Sat | Jan 19, 2019

Law, discretion and the pharmacist

Published:Wednesday | November 26, 2014 | 12:00 AM
Aneeki Scott, pharmacist at Triphina's Pharmacy and Gift Centre, receiving the Jamaica Pharmacy Business Award for exemplary service from the Pharmaceutical Society of Jamaica. Presenting the award is Dr Norman Dunn at the Hotel Four Seasons in St Andrew last Tuesday.
Pharmacist Aneeki Scott serving a customer at Triphina's Pharmacy and Gift Centre at 7th Avenue Plaza, St Andrew. Triphina's Pharmacy strives to help its customers handle their health-care needs with dignity.

Patrick LaMont, Contributor

In these difficult and challenging times, many are finding it hard to revisit their doctors to obtain a prescription for well-needed medications, and this is understandable. Some persons are pensioners, others live far away from the nearest doctor or clinic, still others are either unemployed or are unemployable.

How can such ones still be afforded the right to quality health care despite these extenuating circumstances?

For years, our pharmacists have served as a valuable and functional link between doctors and patients, so much so that in years gone by, the pharmacy was not only referred to as a drug store but also as 'doctor shop'. Back then, and today, our pharmacists play a pivotal role in accessing, supplying, dispensing and even the manufacturing of our medication. At times our pharmacist may even be at liberty to substitute if need be and to suggest suitable alternatives in the absence or shortage of some drugs.

As a result of this reputation, some may be tempted to approach our pharmacists not just for advice, but at times may request medications without a prescription. It is certainly a pleasure to know that we engender the trust and confidence of those not well. However, in such a situation the pharmacist needs to be there not only for the patient, but also will need to exercise balance, discretion, good judgement and caution. This is not only in his/her interest but also in the interest of the patient.


At times, a patient may have forgotten to take their usual morning medication and may only need one or two tablets to suffice them for the day. This is of particular importance to persons with life-threatening disorders, such as epileptics, asthmatics, sicklers and even diabetics and hypertensives.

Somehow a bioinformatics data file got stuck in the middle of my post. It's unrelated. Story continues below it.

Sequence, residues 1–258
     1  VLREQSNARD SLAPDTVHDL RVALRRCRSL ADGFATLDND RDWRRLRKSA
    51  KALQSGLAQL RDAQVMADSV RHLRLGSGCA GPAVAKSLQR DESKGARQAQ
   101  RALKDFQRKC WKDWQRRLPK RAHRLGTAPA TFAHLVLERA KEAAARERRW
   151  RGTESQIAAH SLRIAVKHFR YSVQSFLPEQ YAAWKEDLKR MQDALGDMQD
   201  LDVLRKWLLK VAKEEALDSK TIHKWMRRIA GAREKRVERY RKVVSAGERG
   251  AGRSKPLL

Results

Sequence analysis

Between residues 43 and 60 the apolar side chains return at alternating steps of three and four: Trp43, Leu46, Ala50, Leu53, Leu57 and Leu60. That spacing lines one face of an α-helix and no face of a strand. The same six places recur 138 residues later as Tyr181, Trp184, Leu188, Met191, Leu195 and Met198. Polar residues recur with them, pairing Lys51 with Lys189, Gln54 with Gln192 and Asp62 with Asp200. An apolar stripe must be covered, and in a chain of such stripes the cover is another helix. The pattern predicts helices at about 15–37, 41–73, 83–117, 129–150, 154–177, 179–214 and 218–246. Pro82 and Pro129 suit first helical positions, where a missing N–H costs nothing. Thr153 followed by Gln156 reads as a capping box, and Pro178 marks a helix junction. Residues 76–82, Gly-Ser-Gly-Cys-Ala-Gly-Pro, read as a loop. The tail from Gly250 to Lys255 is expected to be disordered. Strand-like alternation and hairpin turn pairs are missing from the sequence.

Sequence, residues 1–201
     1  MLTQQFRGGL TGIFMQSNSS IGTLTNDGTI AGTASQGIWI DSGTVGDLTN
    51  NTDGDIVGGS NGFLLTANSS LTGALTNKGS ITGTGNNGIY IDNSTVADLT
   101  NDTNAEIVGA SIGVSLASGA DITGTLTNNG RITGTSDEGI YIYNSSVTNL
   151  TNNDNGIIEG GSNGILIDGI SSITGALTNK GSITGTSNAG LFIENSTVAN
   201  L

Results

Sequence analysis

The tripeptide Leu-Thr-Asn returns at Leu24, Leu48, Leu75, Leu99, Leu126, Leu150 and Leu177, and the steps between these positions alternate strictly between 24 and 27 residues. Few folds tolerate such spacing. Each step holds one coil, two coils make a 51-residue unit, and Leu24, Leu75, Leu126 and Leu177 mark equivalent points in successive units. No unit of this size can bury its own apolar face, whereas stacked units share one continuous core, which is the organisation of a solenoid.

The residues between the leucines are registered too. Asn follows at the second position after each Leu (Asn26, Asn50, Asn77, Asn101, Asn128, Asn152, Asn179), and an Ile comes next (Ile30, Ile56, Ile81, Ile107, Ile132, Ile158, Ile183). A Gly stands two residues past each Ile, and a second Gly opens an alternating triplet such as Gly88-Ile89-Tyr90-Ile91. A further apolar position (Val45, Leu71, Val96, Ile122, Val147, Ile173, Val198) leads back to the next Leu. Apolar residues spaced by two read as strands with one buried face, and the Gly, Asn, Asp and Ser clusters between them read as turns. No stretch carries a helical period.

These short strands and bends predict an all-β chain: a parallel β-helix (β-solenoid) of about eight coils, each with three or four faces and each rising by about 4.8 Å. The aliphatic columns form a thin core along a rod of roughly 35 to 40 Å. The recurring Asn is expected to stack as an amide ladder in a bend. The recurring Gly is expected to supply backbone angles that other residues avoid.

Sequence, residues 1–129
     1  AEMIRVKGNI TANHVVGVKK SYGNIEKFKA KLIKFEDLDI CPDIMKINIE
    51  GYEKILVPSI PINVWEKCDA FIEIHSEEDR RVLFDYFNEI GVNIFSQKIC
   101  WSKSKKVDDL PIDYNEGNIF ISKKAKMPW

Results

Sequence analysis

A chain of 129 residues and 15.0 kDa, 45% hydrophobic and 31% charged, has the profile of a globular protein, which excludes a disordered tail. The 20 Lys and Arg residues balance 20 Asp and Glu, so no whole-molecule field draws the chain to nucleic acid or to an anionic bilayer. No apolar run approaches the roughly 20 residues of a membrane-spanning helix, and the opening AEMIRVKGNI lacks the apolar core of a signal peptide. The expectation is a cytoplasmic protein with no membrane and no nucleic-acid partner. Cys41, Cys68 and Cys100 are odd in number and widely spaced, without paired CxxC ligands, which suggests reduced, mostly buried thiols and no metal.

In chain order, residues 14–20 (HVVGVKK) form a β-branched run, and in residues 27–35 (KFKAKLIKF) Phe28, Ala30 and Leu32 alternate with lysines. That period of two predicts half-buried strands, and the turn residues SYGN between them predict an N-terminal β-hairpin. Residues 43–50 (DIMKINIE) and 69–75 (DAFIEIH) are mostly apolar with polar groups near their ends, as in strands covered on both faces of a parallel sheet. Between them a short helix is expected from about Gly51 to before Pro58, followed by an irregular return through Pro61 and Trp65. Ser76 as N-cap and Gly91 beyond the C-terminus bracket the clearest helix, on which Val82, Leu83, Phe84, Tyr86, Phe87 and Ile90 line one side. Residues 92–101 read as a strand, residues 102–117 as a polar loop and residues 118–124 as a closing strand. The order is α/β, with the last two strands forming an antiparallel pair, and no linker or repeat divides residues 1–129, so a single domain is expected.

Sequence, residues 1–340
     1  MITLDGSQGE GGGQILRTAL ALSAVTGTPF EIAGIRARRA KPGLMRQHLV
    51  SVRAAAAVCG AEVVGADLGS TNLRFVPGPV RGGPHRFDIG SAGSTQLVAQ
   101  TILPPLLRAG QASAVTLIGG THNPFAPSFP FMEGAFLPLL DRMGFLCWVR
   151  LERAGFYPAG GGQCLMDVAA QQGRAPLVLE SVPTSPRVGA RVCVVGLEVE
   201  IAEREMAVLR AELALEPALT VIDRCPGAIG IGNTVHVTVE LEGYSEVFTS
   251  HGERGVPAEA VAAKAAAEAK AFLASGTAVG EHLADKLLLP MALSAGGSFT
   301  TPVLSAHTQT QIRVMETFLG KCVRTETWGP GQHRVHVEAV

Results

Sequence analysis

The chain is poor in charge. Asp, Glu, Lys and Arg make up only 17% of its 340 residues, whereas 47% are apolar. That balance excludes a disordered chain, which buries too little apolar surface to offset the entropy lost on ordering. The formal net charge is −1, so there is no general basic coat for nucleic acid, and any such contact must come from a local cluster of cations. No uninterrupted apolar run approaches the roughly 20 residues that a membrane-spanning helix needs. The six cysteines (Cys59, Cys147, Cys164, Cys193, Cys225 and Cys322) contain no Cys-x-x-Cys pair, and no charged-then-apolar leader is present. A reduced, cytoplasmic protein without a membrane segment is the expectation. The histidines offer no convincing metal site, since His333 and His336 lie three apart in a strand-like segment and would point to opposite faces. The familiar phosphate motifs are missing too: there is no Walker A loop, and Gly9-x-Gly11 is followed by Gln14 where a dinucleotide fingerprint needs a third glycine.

As pharmacists, we can and have rendered meaningful community service to our customers, especially if our patient profile record reveals that the medications have been taken over the years and present prescriptions indicate that the patient is currently on the same medication.

Reason would or should dictate that in the event of an emergency, some discretion should be used in deciding whether to sell. Even in such a situation, good customer service would involve going the extra mile by calling the doctor if need be.


In any pharmacy, drugs are basically classified as over-the-counter or prescription drugs, and with good reason. There are times when ethically and professionally, the pharmacists need to say 'no, you will need to see your doctor'. Situations have arisen where a customer decides for themself that they want to take certain drugs again and again and will present empty containers requesting such without the doctor's knowledge. This is an unwise practice and should be discouraged. Certainly, we do not wish to be caught up in the process of making monetary gain at the expense of ruining the ethical standards or the profession.

Unscrupulous and underhanded individuals may be able to access sedatives, antibiotics, hallucinogenic drugs, abortive agents and even narcotic drugs without a prescription. Such a practice is strongly discouraged and is a contravention of the law.

Despite the challenging economic times, patients should be reminded of the importance of being reaccessed by their practitioner to establish:

1. If a stronger dosage is needed;

2. If the dosage needs to be reduced;

3. If combinations would work better; or

4. If the drug needs to be discontinued altogether.

In recent times, there has also been the trend of sharing medications with other family members or friends based on the pretext that they have the same or similar symptoms as we did then, but please be reminded that every individual responds differently to medications. Some are allergic to sulphur or derivatives of sulphur; still others adversely respond to penicillin and penicillin-related compounds. Still, others respond negatively to aspirin or other salycilates and even to steroids.

As members of the health-care team, I hope we all had a meaningful Pharmacy Week. May we continue to offer service, advice and counsel at the highest level, and continue to serve and assist within the ambits of the law.

If we keep this balanced mental attitude, not only will we gain the respect and trust of other health-care professionals, but most important, we will maintain the respect and confidence of the public at large to whom we have an accounting.

Patrick LaMont is a practising pharmacist and a past president of the western branch of the Pharmaceutical Society of Jamaica; email: